Designers eye artificial intelligence to improve helicopter Airborne Laser Mine Detection System (ALMDS)

ALMDS enables shallow-water warships like the Navy's littoral combat ship (LCS) to operate at safe distances from mines with advanced warning.

The ALMDS is installed aboard the U.S. Navy MH-60S helicopter, as shown here.
The ALMDS is installed aboard the U.S. Navy MH-60S helicopter, as shown here.

WASHINGTON – The U.S. Navy is looking at ways to improve its now-operational airborne laser system designed to track enemy mines from low-flying helicopters and expand the surface area from which mine detection takes place -- and no longer rely purely on more narrowly configured, mechanized or towed mine detection systems. Kris Osborne at Warrior Maven reports. Continue reading original article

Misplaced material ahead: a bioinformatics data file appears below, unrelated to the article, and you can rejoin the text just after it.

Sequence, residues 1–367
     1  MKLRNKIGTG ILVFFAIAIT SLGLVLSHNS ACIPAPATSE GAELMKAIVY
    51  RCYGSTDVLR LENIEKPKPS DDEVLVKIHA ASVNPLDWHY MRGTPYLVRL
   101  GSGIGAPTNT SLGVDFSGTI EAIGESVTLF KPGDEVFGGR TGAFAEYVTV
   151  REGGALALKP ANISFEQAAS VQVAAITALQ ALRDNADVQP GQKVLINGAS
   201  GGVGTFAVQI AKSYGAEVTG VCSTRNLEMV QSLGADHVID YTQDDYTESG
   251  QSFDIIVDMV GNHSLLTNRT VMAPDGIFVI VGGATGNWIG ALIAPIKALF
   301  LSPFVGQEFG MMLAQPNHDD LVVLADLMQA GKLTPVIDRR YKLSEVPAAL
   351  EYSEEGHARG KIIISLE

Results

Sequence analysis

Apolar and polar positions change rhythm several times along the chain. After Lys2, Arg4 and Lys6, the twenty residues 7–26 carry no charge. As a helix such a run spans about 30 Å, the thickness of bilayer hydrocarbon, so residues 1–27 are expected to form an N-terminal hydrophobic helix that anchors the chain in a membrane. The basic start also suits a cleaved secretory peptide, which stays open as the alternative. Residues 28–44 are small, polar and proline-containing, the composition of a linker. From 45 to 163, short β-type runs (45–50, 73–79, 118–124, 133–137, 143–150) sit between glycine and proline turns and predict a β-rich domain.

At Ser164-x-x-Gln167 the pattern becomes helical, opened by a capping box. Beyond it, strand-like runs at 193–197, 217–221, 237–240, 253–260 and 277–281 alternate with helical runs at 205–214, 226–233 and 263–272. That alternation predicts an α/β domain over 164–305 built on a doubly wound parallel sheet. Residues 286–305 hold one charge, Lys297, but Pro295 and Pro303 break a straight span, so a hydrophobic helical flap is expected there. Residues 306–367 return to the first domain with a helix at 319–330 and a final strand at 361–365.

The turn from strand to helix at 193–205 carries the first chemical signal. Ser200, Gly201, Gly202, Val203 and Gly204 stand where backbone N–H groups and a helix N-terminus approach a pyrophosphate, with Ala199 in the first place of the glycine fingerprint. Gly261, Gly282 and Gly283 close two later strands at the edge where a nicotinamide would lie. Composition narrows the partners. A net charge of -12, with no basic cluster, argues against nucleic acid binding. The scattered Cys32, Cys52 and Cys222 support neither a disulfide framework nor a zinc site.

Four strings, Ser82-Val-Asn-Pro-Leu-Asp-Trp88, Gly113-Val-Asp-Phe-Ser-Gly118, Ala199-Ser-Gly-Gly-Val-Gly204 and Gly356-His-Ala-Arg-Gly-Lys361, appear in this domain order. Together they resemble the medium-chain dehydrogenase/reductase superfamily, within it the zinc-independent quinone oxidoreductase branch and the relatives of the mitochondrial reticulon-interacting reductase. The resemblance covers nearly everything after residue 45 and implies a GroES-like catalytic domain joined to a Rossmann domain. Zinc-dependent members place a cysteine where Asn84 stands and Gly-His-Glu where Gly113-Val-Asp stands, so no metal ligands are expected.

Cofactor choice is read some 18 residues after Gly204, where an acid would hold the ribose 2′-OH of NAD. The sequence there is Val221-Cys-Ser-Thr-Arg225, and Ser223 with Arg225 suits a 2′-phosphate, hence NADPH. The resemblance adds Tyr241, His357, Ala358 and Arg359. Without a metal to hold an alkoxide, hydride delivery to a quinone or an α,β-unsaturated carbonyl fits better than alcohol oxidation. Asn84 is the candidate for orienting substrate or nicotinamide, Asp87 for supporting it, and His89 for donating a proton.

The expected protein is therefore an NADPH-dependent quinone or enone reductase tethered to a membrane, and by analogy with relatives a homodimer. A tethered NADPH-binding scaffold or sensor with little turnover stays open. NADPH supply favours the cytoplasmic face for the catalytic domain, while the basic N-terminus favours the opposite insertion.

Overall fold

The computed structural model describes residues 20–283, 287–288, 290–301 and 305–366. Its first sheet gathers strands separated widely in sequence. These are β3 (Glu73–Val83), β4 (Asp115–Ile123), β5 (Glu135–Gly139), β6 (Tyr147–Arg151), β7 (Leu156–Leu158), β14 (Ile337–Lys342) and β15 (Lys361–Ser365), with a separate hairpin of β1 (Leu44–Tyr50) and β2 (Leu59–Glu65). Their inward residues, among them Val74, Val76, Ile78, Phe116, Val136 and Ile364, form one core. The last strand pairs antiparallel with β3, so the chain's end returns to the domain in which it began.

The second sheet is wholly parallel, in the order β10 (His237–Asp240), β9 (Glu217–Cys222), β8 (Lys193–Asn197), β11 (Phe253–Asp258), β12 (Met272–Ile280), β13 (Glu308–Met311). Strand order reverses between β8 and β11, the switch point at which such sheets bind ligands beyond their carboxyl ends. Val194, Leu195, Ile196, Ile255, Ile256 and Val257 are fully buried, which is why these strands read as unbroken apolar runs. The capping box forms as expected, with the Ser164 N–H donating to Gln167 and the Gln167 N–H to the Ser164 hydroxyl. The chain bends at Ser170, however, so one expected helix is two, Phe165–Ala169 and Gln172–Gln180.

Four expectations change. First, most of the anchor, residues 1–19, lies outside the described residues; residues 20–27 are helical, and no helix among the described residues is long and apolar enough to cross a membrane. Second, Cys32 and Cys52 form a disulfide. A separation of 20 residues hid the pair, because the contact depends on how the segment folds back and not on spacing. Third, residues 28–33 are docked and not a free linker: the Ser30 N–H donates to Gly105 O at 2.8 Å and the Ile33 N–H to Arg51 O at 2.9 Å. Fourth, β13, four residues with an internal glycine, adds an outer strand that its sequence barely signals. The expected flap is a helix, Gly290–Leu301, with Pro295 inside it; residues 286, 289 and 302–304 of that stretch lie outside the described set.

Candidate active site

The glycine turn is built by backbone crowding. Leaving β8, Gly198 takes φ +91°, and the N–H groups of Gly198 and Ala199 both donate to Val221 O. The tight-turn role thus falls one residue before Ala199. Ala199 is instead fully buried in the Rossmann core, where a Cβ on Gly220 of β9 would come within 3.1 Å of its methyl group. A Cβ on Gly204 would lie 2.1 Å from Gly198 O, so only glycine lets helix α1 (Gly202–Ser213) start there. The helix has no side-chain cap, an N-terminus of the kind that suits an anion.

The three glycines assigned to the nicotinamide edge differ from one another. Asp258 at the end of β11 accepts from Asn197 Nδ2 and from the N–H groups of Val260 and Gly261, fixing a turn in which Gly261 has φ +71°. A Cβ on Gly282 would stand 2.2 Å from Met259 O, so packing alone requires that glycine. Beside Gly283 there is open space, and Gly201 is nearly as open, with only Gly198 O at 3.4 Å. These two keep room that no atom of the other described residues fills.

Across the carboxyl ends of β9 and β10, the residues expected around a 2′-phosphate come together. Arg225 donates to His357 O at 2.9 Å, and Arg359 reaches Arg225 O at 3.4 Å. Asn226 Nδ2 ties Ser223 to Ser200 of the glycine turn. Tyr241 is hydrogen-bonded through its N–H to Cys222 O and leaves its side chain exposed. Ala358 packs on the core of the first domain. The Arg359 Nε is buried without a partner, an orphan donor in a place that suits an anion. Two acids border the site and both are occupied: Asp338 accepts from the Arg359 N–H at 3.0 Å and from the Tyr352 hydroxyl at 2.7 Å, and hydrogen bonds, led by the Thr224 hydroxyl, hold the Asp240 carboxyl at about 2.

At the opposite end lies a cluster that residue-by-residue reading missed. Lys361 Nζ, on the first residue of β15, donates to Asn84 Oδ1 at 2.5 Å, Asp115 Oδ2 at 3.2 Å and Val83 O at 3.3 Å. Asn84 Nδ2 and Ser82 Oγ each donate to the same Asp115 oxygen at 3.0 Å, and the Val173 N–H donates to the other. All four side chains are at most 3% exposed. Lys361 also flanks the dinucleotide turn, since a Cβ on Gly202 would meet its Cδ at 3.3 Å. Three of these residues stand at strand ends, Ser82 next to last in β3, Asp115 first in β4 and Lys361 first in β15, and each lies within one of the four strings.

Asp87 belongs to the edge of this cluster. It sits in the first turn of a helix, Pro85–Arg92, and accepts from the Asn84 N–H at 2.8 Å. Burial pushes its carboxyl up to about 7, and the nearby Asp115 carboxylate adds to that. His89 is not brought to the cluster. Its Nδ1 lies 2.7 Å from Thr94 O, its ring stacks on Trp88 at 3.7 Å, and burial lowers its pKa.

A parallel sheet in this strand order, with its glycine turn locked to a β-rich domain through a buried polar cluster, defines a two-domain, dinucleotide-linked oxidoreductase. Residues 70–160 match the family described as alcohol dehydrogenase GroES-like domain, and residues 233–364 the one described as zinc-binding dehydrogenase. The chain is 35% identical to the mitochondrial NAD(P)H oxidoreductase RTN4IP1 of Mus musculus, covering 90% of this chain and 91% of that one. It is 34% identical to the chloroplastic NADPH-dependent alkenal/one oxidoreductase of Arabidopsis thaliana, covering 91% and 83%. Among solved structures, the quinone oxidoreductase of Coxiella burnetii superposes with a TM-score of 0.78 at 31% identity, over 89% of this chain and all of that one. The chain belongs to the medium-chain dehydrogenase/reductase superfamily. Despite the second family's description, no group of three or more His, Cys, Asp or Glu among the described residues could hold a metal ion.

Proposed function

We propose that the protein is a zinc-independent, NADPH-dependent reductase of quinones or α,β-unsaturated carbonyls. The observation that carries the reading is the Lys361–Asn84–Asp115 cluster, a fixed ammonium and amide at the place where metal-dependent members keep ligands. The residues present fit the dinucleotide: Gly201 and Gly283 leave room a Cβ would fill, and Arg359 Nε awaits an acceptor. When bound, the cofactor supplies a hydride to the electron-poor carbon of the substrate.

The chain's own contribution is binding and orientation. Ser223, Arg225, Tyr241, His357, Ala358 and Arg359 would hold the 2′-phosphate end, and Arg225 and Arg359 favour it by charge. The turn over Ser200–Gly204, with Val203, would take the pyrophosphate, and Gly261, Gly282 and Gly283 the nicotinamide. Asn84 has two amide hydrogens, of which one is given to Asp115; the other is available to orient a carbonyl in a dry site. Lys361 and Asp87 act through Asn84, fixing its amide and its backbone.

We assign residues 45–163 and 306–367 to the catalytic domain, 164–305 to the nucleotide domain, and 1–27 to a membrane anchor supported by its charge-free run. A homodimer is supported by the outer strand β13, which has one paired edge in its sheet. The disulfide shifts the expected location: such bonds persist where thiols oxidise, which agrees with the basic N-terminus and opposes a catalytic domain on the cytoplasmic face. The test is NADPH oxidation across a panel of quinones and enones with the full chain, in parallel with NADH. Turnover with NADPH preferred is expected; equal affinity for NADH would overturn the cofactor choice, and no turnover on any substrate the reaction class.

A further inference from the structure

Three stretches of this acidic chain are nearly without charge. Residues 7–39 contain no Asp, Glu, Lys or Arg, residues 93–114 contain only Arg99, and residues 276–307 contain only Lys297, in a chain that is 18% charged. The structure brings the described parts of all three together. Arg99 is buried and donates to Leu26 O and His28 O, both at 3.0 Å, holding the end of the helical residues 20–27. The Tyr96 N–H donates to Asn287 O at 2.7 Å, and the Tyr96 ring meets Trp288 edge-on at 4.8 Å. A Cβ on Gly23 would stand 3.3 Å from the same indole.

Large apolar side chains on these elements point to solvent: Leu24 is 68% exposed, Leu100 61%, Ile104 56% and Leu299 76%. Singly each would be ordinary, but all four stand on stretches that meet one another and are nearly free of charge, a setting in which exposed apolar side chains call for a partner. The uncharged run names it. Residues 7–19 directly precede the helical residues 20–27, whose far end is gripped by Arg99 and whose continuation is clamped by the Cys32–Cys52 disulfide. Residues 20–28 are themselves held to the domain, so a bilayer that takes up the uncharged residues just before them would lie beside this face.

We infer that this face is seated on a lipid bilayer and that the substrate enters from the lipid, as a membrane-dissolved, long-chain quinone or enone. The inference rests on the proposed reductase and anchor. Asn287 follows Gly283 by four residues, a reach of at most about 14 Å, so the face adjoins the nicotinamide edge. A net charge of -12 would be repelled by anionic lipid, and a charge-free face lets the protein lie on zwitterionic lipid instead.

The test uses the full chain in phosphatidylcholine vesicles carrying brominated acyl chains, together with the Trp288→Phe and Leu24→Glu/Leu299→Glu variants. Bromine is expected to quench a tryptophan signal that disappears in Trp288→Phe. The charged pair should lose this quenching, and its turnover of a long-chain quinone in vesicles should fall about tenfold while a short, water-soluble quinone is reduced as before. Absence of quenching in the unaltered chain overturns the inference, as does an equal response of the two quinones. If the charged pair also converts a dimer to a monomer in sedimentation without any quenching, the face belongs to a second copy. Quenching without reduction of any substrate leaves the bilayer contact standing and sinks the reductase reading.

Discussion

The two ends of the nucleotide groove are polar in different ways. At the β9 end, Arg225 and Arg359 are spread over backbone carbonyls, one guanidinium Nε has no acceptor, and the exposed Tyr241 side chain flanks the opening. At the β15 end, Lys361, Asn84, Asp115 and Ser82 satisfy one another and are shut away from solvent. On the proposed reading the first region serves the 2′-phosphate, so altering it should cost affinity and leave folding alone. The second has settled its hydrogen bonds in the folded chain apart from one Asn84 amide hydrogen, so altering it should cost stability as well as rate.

The Military & Aerospace Electronics take:

23 July 2019 -- The system, called Airborne Laser Mine Detection System (ALMDS), enables shallow-water warships such as the Navy's littoral combat ship (LCS) at safe distances from mines to give commanders greater advanced warning of mine-cluttered areas.

ALMDS designer the Northrop Grumman Corp. Aerospace Systems segment in Melbourne, Fla., and Navy developers are looking at ways to upgrade the system through ongoing modernization efforts, such as current work to integrate artificial intelligence (AI).

The ALMDS pod is mechanically attached to the MH-60S with a standard Bomb Rack Unit 14 mount and electrically via a primary and auxiliary umbilical cable to the operator console, according to a statement from the system’s maker, Northrop Grumman.

Related: Northrop Grumman Airborne Laser Mine Detection System (ALMDS) takes next step to deployment

Related: Northrop Grumman to produce laser mine detection system in potential $163.6 million Navy contract

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John Keller, chief editor
Military & Aerospace Electronics

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